7. 7. (6) inability to maintain oral intake (7) abnormal mental status. N Follow up clinical review should be considered for all patients who suffered significant complications or who had significant worsening of their underlying disease, either with their GP or in a hospital clinic. N At discharge or at follow up, patients should be offered access to information about their illness, take home medication and any follow up arrangements. N It is the responsibility of the hospital team to arrange the follow up plan with the patient and the GP. S1.7 Use of antivirals N Individuals should only be considered for treatment with antivirals (neuraminidase inhibitors) if they have all of the following: (1) an acute influenza-like illness (ILI) (2) fever (.38˚C) and (3) been symptomatic for two days or less. N Treatment schedule: adults, oseltamivir 75 mg every 12 hours for five days (dose to be reduced by 50% if creatinine clearance is less than 30 ml/min—that is, 75 mg od) N Patients who are unable to mount an adequate febrile response—for example, the immunocompromised or very elderly—may still be eligible for antiviral treatment despite lack of documented fever. N Hospitalised patients who are severely ill, particularly if also immunocompromised, may benefit from antiviral treatment started more than 48 hours from disease onset, although there is no evidence to demonstrate benefit, or lack of, in such circumstances. S1.8 Antibiotic management S1.8.1 Influenza not complicated by influenza-related pneumonia N Previously well adults with acute bronchitis complicating influenza, in the absence of pneumonia, do not routinely require antibiotics. N Antibiotics should be considered in those previously well adults who develop worsening symptoms (recrudescent fever or increasing dyspnoea). N Patients at high risk of complications or secondary infection (Appendix 2) should be considered for antibiotics in the presence of lower respiratory features. N Most patients can be adequately treated with oral antibiotics. N The preferred choice includes co-amoxiclav or a tetracycline. N A macrolide such as clarithromycin (or erythromycin) or a fluoroquinolone active against Streptococcus pneumoniae (S pneumoniae) and Staphylococcus aureus (S aureus) is an alternative choice in certain circumstances. S1.8.2 Non-severe influenza-related pneumonia N Most patients can be adequately treated with oral antibiotics. N Oral therapy with co-amoxiclav or a tetracycline is preferred. N When oral therapy is contraindicated, recommended par- enteral choices include intravenous co-amoxiclav, or a second or third generation cephalosporin (cefuroxime or cefotaxime). N A macrolide (erythromycin or clarithromycin) or a fluor- oquinolone active against S pneumoniae and S aureus is an alternative regimen where required—for example, for those intolerant of penicillins. Currently levofloxacin and moxi- floxacin are the only recommended fluoroquinolones licensed in the UK. N Antibiotics should be administered within four hours of admission. S1.8.3 Severe influenza-related pneumonia N Patients with severe pneumonia should be treated immedi- ately after diagnosis with parenteral antibiotics. N An intravenous combination of a broad spectrum beta- lactamase stable antibiotic such as co-amoxiclav or a second (for example, cefuroxime) or third (for example, cefotaxime) generation cephalosporin together with a macrolide (for example, clarithromycin or erythromycin) is preferred. N An alternative regimen includes a fluoroquinolone with enhanced activity against pneumococci together with a broad spectrum b-lactamase stable antibiotic or a macrolide. Currently levofloxacin is the only fluoroquinolone with an intravenous formulation licensed in the UK. S1.8.4 Route and duration of antibiotic N Patients treated initially with parenteral antibiotics should be transferred to an oral regimen as soon as clinical improvement occurs and the temperature has been normal for 24 hours, providing there is no contraindication to the oral route. N For most patients admitted to hospital with non-severe and uncomplicated pneumonia, seven days of appropriate anti- biotics is recommended. N For those with severe, microbiologically undefined pneumo- nia, 10 days’ treatment is proposed. This should be extended to 14–21 days where S aureus or Gram negative enteric bacilli pneumonia is suspected or confirmed. S1.8.5 Failure of empirical antibiotics N For those with non-severe pneumonia in hospital on combination therapy, changing to a fluoroquinolone with effective pneumococcal and staphylococcal cover is an option. N Adding further antibiotics effective against MRSA is an option for those with severe pneumonia not responding to combination antibiotic therapy. SYNOPSIS 2 CLINICAL MANAGEMENT OF CHILDREN REFERRED TO HOSPITAL S2.1 Severity assessment in children (see Appendix 5) S2.1.1 In the community N Coughs and mild fevers. These children should be treated at home by parents with antipyretics and fluids (note: aspirin should not be used in children). N High fever (.38.5˚C) and cough or influenza-like symptoms. These children should seek advice from a community health professional. If there are no features that put them at high risk of complications they should be treated with oseltamivir, and given advice on antipyretics and fluids. Children aged ,1 year and those at risk of complications (Appendix 2) should be seen by a genral practitioner. N High fever (.38.5˚C) and cough or influenza-like symptoms, plus at risk group. These children should be seen by a GP or in A&E. Children may be considered at increased risk of complications if they have cough and fever (or ILI) and temperature .38.5˚C, plus either chronic comorbid disease or one of following features: Pandemic flu: clinical management of patients with an influenza-like illness during an influenza pandemic i3 www.thoraxjnl.com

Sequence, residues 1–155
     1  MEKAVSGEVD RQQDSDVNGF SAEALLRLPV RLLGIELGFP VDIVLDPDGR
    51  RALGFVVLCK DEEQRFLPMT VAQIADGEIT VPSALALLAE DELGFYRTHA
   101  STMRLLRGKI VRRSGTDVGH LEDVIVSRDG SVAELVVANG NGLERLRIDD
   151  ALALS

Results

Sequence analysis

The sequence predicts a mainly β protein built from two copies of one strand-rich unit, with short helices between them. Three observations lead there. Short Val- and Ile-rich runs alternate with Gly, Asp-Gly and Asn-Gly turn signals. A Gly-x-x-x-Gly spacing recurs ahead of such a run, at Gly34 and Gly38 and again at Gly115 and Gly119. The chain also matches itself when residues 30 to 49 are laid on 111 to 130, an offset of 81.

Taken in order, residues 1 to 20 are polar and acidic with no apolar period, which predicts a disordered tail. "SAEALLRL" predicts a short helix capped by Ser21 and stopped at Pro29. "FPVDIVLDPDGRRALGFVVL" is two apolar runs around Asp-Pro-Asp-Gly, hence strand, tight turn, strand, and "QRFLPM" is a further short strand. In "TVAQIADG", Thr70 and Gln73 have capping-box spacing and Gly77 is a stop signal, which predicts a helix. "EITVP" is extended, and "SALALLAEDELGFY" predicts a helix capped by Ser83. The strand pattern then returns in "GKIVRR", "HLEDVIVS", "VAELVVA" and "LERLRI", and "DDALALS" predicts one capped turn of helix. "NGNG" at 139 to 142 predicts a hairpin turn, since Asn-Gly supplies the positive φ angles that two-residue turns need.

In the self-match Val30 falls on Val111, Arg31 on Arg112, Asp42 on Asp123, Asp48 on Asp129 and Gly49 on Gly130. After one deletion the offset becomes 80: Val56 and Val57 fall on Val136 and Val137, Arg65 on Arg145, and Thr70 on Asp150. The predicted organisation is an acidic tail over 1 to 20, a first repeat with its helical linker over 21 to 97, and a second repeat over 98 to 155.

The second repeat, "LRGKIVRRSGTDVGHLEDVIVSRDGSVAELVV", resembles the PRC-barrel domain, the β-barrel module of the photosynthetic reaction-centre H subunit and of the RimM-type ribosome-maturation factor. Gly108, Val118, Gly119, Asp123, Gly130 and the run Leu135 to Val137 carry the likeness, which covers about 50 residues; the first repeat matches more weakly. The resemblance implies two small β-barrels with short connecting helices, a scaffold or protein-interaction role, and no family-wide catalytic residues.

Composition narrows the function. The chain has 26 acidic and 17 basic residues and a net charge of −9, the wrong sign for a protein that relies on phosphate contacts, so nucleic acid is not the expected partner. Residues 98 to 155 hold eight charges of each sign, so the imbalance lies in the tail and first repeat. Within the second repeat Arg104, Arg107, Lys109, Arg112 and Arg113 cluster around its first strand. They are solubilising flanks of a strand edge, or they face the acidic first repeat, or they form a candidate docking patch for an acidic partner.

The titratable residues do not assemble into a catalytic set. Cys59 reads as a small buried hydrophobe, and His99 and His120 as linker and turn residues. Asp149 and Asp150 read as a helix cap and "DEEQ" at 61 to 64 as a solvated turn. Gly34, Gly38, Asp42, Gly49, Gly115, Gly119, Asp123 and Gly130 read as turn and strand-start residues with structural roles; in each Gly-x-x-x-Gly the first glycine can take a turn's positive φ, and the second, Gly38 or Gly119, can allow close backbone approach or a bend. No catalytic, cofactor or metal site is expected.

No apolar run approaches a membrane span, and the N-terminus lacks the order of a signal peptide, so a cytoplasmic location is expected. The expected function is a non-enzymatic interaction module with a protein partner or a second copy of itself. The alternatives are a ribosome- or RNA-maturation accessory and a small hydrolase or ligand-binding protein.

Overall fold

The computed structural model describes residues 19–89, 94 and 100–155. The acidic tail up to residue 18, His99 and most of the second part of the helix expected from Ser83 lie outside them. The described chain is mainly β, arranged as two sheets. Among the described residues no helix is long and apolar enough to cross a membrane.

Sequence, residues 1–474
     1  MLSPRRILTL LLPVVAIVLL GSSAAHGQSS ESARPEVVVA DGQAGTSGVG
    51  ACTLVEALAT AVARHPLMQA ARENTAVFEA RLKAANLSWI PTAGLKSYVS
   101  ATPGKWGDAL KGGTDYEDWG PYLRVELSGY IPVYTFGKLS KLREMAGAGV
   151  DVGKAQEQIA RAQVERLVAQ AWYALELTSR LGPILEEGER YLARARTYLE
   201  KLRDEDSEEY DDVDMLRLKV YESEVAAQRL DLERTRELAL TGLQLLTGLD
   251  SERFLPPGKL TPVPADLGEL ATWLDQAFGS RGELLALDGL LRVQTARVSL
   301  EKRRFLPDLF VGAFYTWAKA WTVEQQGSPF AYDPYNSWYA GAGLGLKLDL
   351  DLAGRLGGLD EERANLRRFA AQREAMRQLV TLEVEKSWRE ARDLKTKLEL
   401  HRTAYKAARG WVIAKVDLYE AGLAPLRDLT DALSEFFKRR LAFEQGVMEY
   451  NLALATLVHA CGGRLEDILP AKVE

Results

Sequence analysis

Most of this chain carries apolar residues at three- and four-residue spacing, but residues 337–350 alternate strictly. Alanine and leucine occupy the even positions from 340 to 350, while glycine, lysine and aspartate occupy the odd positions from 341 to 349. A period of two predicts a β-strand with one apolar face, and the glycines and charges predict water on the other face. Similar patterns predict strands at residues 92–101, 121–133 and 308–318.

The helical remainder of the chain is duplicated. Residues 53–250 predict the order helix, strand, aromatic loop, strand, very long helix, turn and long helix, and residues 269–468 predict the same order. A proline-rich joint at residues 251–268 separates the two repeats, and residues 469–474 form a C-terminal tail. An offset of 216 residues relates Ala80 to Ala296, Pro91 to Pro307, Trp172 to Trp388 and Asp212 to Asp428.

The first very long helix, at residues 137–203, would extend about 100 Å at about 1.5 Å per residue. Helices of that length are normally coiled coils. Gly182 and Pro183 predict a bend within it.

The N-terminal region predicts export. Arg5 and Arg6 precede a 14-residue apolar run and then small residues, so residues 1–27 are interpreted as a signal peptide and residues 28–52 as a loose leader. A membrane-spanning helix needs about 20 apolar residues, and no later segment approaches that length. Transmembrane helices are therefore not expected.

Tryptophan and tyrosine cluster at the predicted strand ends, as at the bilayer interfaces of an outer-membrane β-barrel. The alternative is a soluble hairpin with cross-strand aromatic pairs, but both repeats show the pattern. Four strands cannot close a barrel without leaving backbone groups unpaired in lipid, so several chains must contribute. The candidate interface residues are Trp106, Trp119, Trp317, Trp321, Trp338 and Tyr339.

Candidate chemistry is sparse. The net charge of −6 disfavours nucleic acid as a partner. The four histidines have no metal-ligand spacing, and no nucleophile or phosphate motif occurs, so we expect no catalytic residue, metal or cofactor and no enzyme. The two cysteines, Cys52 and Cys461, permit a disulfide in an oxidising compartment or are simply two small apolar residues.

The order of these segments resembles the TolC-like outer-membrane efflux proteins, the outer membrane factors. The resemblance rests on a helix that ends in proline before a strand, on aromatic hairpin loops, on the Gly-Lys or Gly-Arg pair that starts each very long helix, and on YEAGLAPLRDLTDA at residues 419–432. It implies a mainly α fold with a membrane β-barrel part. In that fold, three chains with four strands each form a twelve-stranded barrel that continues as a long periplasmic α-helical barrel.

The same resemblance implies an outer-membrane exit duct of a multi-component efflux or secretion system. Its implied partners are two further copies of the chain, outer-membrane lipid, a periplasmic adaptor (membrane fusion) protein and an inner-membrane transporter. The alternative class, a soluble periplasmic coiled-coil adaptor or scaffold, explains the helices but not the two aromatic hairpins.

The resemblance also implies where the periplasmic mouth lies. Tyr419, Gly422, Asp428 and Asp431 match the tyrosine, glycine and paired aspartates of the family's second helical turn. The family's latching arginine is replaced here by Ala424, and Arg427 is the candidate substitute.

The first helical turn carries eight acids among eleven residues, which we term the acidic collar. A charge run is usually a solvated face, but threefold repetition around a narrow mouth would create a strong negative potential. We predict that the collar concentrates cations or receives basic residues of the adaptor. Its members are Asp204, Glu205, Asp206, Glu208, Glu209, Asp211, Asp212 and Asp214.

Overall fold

8. 8. – breathing difficulties – severe earache – vomiting .24 hours – drowsiness. These patients should be offered an antibiotic as well as oseltamivir (in those .1 year of age) and advice on antipyretics and fluids. Children aged ,1 year with none of the above features should be treated with antipyretics and fluids with a low threshold for antibiotics if they become more unwell. S2.1.2 Hospital admission Indicators for hospital admission are: (1) Signs of respiratory distress – markedly raised respiratory rate – grunting – intercostal recession – breathlessness with chest signs (2) Cyanosis (3) Severe dehydration (4) Altered conscious level (5) Complicated or prolonged seizure (6) Signs of septicaemia—extreme pallor, hypotension, floppy infant Most children admitted to hospital are likely to need oxygen therapy and/or intravenous support as well as antibiotics and oseltamivir. Indications for transfer to high dependency or intensive care are: (1) failure to maintain a SaO2 of .92% in FiO2 of .60% (2) the child is shocked (3) severe respiratory distress and a raised PaCO2 (.6.5 Kpa) (4) rising respiratory rate and pulse rate with clinical evidence of severe respiratory distress with or without a raised PaCO2 (5) recurrent apnoea or slow irregular breathing (6) evidence of encephalopathy When there are no paediatric intensive care unit beds available, children will have to be triaged on the basis of the severity of their acute and coexisting disease, and the likelihood of their achieving full recovery. S2.2 General investigations for children in hospital N A full blood count with differential, urea, creatinine and electrolytes, liver enzymes and a blood culture should be done in all severely ill children. N A chest x ray should be performed in children who are hypoxic, have severe illness or who are deteriorating despite treatment. N Pulse oximetry should be performed in every child being assessed for admission to hospital with pneumonia. S2.3 Microbiological investigations in hospital S2.3.1 Early in a pandemic (UK alert levels 1, 2 and 3) Virology—all children (1) Nasopharyngeal aspirate or nose and throat swabs. (2) If presentation is more than 7 days after onset of illness, an ‘‘acute’’ serum (2–5 ml clotted blood) should be collected and a ‘‘convalescent’’ sample (2–5 ml clotted blood) obtained after an interval of not less than 7 days. Bacteriology—children with influenza-related pneumonia (1) Blood culture (before antibiotic treatment is commenced). (2) Sputum samples obtained from older children. (3) Paired serological examination for influenza/other agents. S2.3.2 Once a pandemic is established (UK alert level 4) Virology—not routinely recommended Bacteriology—children with influenza-related pneumonia (1) Blood culture (before antibiotic treatment is commenced). (2) Sputum samples obtained from older children. (3) Paired serological examination for influenza/other agents. S2.4 General management of children admitted to hospital N Patients whose oxygen saturation is 92% or less while breathing air should be treated with oxygen given by nasal cannulae, head box, or face mask to maintain oxygen saturation above 92%. N When children are unable to maintain oral intake, supple- mentary fluids should, when possible, be given by the enteral route. Intravenous fluids in those with severe pneumonia should be given at 80% basal levels. N Children can be safely discharged from hospital when they (1) are clearly improving (2) are physiologically stable (3) can tolerate oral feeds (4) have a respiratory rate ,40/min (,50/min in infants) (5) have an awake oxygen saturation of .92% in air. S2.5 Antiviral therapy in children N In the setting of a pandemic, children should only be considered for treatment with antivirals if they have all of the following: (1) an acute ILI (2) fever (.38.5˚C) and (3) been symptomatic for two days or less. N Oseltamivir is the antiviral agent of choice. N In children who are severely ill in hospital oseltamivir may be used if the child has been symptomatic for ,6 days (but there is no evidence to demonstrate benefit or lack of it in such circumstances). S2.6 Antibiotic therapy in children N Children (a) who are at risk of complications of influenza or (b) with disease severe enough to merit hospital admission during an influenza pandemic should be treated with an antibiotic that will provide cover against S pneumoniae, S aureus and Haemophilus influenzae (H influenzae). N For children under 12 years co-amoxiclav is the drug of choice. Clarithromycin or cefuroxime should be used in children allergic to penicillin. For children over 12 years doxycycline is an alternative. N Oral antibiotics should be given if oral fluids are tolerated. i4 Provisional guidelines from the BIS/BTS/HPA with the Department of Health www.thoraxjnl.com